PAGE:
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Tetris: The Grand Master, the expert-focused Tetris series only released in Japan, may be coming to home consoles.
Ichiro Mihara, the vice-president of Arika – which previously developed The Grand Master and more recently Tetris 99 for Nintendo – posted a tweet today stating that the company planned to make an announcement regarding a home console port of the game, but that it had been delayed by external factors.
He also declared that there were plans to make a new fourth game in the series, but this depended on the success of the home ports.
“The announcement we had planned for today regarding the TGM series for home use can not yet be released, due to circumstances outside of Arika,” Mihara said.
“We are also considering a new TGM game, but the licensors have asked us to make it conditional on the ‘success’ of the game, which is very fair, so we will do that.”
In a follow-up tweet he clarified: “In other words, if the TGM series comes out for home use and it’s a big hit, it’ll be accepted as one of the ‘fields’ in Tetris.”
It’s not clear what Mihara means by ‘fields’, though it appears to be suggesting that if the home port of The Grand Master is a success, The Tetris Company – which licenses the brand to third parties – will agree to allow it to continue as a series.
It’s also not clear which of the three games in the Tetris: The Grand Master series is planned for home release, or whether it’s actually a compilation of the three titles released to date.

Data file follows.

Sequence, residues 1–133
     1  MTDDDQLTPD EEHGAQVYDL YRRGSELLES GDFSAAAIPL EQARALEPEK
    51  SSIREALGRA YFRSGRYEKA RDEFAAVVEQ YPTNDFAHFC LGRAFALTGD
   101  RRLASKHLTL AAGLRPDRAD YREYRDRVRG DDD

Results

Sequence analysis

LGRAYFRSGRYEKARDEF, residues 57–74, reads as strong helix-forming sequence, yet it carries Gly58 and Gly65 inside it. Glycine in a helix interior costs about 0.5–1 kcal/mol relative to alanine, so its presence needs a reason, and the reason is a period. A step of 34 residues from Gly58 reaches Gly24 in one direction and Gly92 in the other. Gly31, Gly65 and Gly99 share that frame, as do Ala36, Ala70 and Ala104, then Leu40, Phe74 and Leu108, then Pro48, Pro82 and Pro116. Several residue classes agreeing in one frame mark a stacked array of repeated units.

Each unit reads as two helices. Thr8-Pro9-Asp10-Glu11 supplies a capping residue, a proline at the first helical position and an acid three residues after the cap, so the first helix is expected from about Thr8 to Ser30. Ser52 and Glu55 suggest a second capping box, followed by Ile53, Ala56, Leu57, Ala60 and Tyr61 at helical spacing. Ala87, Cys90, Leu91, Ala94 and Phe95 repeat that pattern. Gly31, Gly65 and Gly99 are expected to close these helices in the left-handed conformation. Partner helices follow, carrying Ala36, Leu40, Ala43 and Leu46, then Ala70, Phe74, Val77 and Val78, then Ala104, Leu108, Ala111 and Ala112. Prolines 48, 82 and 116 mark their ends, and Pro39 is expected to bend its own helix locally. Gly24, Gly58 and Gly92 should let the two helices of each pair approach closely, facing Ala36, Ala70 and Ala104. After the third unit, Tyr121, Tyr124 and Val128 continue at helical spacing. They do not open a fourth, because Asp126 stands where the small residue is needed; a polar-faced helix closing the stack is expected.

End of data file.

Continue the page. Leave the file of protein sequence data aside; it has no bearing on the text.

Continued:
Tetris: The Grand Master is notorious for being one of the most difficult Tetris games, with up to 999 levels of play. It was the first game in the series to introduce 20G gravity, which means when players hit a certain level their blocks instantly appear at the bottom of the screen and can only be slid for half a second before they lock in place.
The series is also known for its grading system, where players are given a rank at the end going from rank 9 all the way up to Grand Master.
The original Tetris: The Grand Master was released in Japanese arcades in 1998, with sequels released in 2000 and 2005.
A spin-off version called Tetris: The Grand Master Ace was released as a launch game for the Xbox 360 in Japan, but because of the Xbox 360’s region locking and the extremely low sales of Xbox 360 consoles in the region it had only sold 4,000 copies after its first 10 weeks.
Because the series has never been released outside of Japan, Tetris fans in the west have had to resort to emulation to play the game. However, Mihara has publicly criticised emulation in the past, tweeting in 2014 that “winners do not use emulators and never clone”.